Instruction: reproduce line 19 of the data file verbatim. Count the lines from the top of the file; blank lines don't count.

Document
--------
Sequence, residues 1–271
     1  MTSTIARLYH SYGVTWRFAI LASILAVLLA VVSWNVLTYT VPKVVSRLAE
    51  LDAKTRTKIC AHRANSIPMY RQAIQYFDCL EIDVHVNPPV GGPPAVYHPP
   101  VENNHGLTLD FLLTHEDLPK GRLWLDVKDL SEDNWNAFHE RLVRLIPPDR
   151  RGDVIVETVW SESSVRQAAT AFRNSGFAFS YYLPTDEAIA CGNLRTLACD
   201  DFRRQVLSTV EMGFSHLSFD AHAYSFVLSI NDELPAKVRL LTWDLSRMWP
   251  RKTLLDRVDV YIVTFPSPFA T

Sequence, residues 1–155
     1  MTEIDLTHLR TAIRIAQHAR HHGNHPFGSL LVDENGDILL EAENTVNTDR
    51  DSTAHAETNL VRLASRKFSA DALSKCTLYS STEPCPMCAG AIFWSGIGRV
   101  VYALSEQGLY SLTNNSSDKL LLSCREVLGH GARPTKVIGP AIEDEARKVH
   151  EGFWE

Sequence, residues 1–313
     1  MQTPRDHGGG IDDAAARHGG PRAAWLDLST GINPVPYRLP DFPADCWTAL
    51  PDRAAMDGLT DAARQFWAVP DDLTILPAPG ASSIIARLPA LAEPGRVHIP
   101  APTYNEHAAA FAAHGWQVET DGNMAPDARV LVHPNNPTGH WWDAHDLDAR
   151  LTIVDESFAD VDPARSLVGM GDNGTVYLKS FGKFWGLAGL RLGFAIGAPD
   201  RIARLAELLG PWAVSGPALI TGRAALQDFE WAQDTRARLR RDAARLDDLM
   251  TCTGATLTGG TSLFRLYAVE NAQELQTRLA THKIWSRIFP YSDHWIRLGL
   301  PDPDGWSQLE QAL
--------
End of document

   251  TCTGATLTGG TSLFRLYAVE NAQELQTRLA THKIWSRIFP YSDHWIRLGL